The people who lose out are small business and publishers, who won’t know how an increasing number of visitors are finding their site, and that number will only increase with more people staying logged into Gmail and Google+. After all, no-one can optimise for searches they don’t know are happening – although I’m not sure if the privacy still applies when I click-through on Google Adsense or Adwords advertising next to the search results, regardless of my connection.


‘Anti-social Google Reader’

There’s been a pretty big uproar regarding the redesign and loss of features which has been rolled out to Google Reader, despite the paltry week’s notice given to users. My concerns regarding the actual design are fairly minor, as it makes it slightly more difficult to use, but I can cope.

What’s difficult to reconcile is the loss of various features which are obviously and explicitly an attempt to shoehorn users into more activity on Google+, which have a number of negative effects for individuals and businesses.

  • Individuals can no longer have a basic sharing and following network within Google Reader. As opposed to the thousands of connections I had on social networks, there was a small group of around 30 or so I followed on Google Reader, simply because I was intently interested in seeing what they deemed worthy of curating and sharing on a tight subject list, without necessarily interacting with them about their holiday photos. And as with Twitter, it was asynchronous sharing – they didn’t have to know me or approve me, or figure out what I want then create a Google+ circle on that premise.  But worse is the claim that many users in more repressive countries were using Google Reader as social networks were blocked, and had connections of several thousand in many cases. That’s entirely lost now.
  • Business revenue is affected: Via RSS, and Google’s own acquisition of Feedburner, a business could display advertising in their RSS feed. In addition to losing control of sharing a full or partial RSS feed, the snippets shared to Google+ also conveniently remove any feed advertising – Google may lose their share of that revenue, but also completely control Google+ and any monetization that happens.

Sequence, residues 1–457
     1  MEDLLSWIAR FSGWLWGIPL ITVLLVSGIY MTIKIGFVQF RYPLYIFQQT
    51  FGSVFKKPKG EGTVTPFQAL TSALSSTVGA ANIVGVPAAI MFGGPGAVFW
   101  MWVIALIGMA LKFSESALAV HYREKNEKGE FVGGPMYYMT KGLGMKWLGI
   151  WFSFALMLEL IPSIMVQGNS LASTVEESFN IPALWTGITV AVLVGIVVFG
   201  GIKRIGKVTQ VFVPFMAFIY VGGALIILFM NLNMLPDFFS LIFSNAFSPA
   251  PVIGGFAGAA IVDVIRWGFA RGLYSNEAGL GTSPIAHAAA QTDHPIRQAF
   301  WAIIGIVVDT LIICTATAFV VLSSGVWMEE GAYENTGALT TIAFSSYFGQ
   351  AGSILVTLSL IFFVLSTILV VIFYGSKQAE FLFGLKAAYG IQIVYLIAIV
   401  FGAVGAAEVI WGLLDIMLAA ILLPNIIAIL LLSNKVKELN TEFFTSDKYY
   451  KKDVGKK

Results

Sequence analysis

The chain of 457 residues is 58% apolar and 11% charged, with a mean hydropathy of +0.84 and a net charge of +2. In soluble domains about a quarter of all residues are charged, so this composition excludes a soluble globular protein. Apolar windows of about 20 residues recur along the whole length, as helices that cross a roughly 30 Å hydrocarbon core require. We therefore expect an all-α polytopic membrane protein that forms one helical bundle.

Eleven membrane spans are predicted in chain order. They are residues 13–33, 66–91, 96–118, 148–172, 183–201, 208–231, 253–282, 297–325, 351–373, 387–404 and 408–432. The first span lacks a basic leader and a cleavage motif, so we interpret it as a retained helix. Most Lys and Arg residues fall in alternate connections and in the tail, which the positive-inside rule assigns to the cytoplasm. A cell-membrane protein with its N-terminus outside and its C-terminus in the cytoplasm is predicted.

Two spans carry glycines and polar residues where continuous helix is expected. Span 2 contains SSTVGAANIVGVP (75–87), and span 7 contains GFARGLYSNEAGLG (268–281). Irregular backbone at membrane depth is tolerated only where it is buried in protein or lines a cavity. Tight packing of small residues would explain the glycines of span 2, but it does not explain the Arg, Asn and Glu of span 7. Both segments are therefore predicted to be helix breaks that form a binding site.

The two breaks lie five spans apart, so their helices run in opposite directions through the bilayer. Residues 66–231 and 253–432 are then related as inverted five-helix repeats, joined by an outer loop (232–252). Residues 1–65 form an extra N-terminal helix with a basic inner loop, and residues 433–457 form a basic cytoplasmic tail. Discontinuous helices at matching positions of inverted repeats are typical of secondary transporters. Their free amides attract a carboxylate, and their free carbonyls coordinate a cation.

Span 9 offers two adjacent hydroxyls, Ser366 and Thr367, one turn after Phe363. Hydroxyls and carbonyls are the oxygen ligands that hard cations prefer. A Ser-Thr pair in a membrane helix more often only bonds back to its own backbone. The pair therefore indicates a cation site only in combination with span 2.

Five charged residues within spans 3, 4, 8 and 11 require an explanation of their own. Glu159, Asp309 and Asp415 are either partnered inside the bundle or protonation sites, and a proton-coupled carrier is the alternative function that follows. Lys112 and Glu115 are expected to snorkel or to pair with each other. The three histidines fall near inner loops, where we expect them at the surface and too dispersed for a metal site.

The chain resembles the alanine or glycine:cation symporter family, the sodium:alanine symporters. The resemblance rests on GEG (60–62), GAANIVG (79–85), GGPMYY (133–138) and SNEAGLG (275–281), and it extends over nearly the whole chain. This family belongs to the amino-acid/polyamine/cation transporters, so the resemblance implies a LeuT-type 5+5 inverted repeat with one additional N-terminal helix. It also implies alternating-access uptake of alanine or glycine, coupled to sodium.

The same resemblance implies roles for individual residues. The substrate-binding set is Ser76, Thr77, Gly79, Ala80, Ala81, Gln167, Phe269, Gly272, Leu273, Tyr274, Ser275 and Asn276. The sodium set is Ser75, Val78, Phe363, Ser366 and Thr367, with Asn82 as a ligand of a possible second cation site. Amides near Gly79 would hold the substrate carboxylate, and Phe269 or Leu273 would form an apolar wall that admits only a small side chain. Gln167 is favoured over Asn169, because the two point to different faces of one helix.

• RSS is under threat: Consumer adoption of RSS has remained relatively small, but concentrated towards heavy and earl-adopting technology users. And of that group, Reader had a market share of about 70%, crushing most competitors and removing incentives to innovate in that area. If Google has decided RSS is redundant, what will happen to the popular Feedburner RSS service which powers many, many blogs RSS feeds? The analytics side of Feedburner has been pretty much permanently broken, but it still provides a simple and easy way to set up a feed which is compatible with numerous other places and services.
    In addition, for business use, it’s been possible to take the feed of Google Reader shared items, or utilise the unofficial Google Reader API to separate out tags to put onto business intranets or publish externally. Given that shared items is gone (Including my own 16,000+ articles over 5 years), what faith can you have in an unofficial API to support paying clients?


 WTF Google?

I’m certainly not against businesses making money – I’d like my own to keep earning more in the future, and my expertise is more directed towards the content and marketing side of business operations. It’s entirely possible that in such a large organisation it may just be coincidental that various changes all suggest a new self-interest which has happened just as a founder resumes control of the company and indicates more of a focus on their new social business.
I’m also enthusiastic about experimentation and change – the fact that Google Buzz and Google Wave have both been deemed failed experiments doesn’t negate the important experience and influence they may have had both within Google and externally.

But I do question whether the current focus on Google+ is causing the big G to lose some of what has made it so immensely popular and powerful. Whether that’s the influence of the success of Facebook as a walled garden which uses elements of coercion to get us to help power it in terms of advertising and brand revenue, or whether it’s just the misalignment of every non-search free product as a feeder for Google+, I can’t say.

Occupy Google+

But either way, I’m not alone in feeling unsettled by Google’s new direction, and as we’ve seen, current success doesn’t mean permanence, particularly online. Google has some security in that the integration of Gmail, Reader, Analytics, Apps for Business etc are so deep into our lives and companies that it will take a significant motivation to switch, but given the current moves from my techie friends to alternative feed readers, and the existence of established and good paid analytics alternatives, it’s not inconceivable that the move could start to happen.

And given the results of some blind search engine result testing, it appears that one of the main reasons for Google continuing to dominant search is the familiarity of the brand, rather than the results being returned in comparison to Bing – which means that losing the perception of their values may not just damage the potential success of Google+, but could also lead to a greater threat to their core search business.